Similarly, during the months before the United States joined World War II, an isolationist group called America First, led by famed flyer Charles Lindbergh, campaigned to keep America out of the war.

But once both wars started the generations of those times supported them, at least outwardly in a show of patriotism.

The draft machinery was already in place when the Japanese bombed Pearl Harbor on December 7, 1941, and eligible men had no choice, short of imprisonment, but to serve in the military.

However, when the first shots were fired at Fort Sumter on April 12, 1861, triggering the start of the War Between The States, there was no draft and was not to be one for the Union until two years later.

So it was during that span between the start of the war and the initiation of the draft that the (greatest?) generation of the Civil War responded by volunteering in numbers to fight for the survival of their nation whose heart and soul were on the verge of being torn asunder.

Patriotic flag waving ceremonies were held throughout Cape May County and in the first month of the war, as southern troops were closing in on Washington only 100 miles away, the Cape Island Home Guard was formed and enlisted 70 volunteers who drilled twice a day on the grounds of a Cape Island hotel.

Without fear of conscription, enlistments ensued, the most famous in Cape Island’s history being that of Henry Sawyer, who was captured by the South and was almost executed in a death lottery until his life was spared in a prisoner exchange with the son of Robert E. Lee. Sawyer was said to have joined the cavalry not because of a position on slavery but because he was opposed to the South’s secession.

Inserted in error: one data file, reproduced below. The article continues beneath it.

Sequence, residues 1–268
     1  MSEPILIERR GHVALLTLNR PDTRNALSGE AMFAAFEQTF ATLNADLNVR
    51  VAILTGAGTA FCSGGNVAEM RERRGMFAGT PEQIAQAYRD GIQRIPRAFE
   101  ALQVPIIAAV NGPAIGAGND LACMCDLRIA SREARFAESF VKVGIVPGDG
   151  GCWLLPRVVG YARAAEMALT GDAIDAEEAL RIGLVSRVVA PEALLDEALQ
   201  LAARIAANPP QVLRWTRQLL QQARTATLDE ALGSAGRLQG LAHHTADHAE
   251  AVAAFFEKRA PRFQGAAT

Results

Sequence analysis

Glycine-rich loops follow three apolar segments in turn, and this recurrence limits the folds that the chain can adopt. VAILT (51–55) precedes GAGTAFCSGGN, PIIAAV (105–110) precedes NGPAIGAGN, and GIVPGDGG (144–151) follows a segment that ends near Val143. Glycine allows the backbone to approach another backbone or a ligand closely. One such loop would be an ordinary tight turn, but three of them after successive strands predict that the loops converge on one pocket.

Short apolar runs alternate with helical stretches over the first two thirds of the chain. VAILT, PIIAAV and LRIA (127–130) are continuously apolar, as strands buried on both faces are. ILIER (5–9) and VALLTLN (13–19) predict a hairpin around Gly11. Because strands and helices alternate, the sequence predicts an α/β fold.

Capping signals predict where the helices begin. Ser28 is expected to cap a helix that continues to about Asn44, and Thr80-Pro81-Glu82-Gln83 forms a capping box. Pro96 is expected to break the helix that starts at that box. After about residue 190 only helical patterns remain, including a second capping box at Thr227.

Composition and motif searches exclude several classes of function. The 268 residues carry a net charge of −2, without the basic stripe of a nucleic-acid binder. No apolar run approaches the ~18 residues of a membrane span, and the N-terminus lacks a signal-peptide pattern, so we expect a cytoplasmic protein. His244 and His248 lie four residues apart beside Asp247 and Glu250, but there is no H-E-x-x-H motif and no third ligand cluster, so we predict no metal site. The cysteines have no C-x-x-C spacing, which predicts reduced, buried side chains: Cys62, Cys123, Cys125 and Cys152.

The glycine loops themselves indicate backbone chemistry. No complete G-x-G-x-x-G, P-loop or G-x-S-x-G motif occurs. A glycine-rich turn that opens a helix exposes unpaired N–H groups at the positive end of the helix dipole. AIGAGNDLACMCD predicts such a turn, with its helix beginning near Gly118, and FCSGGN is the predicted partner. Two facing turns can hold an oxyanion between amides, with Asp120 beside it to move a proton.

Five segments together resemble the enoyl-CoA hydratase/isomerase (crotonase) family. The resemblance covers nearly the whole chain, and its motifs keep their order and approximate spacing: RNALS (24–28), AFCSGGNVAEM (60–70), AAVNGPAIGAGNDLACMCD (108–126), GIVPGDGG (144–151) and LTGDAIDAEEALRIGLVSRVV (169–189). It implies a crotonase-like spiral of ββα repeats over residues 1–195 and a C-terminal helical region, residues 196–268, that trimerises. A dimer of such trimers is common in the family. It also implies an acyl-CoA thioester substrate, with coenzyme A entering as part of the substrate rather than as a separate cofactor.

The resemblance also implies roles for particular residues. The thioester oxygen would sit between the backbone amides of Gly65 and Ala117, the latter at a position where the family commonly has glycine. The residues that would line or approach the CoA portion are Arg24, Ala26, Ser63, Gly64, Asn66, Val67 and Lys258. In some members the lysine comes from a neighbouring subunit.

Another symbolizing the spirit of the times and its generation was Dr. John Wiley, a middle-aged physician who was a county activist in peace and who strongly opposed slavery. Soon after the first shots were fired, Wile helped organize and became chairman of a Cape May County citizens meeting which pledged support to the national government and which organized as a home guard.

At first reluctant to serve because of his age and an ailing wife who needed attention, Wiley eventually volunteered as surgeon in the Army of Potomac.

While he was at the second Battle of Bull Run, in a rare quiet moment Wiley suddenly heard the sounds of battle and he mounted his horse to ride to what he thought was the scene of combat. Instead he rode into a camp of Confederate officers who he thought were members of the Union Army. He asked which way to the battle and they told him he was their prisoner and the South needed him more at its hospital than the North did at its own.

After two months attending to the patients at the enemy hospital, Wiley was released and sent back to the Union Army where he administered to patients there. His wife still ailing, he left the military on Sept. 7, 1864, eight months before the war ended on April 9, 1865.

He continued an active civilian life, including that of serving as the first president of the Cape May County Medical Society. He died on Christmas Eve of 1891 of pneumonia at the age of 76 and is buried at the Baptist cemetery in Cape May Court House.

The stories of Sawyer and Wiley are typical of others that emerged from the Civil War, giving credence to the contention that the title of “The Greatest Generation” may not belong exclusively to those who lived during World War II.

(Some of the information for this article was researched in the Cape May County Magazine of History and Genealogy in a 1955 article written by Horace E. Wood II.)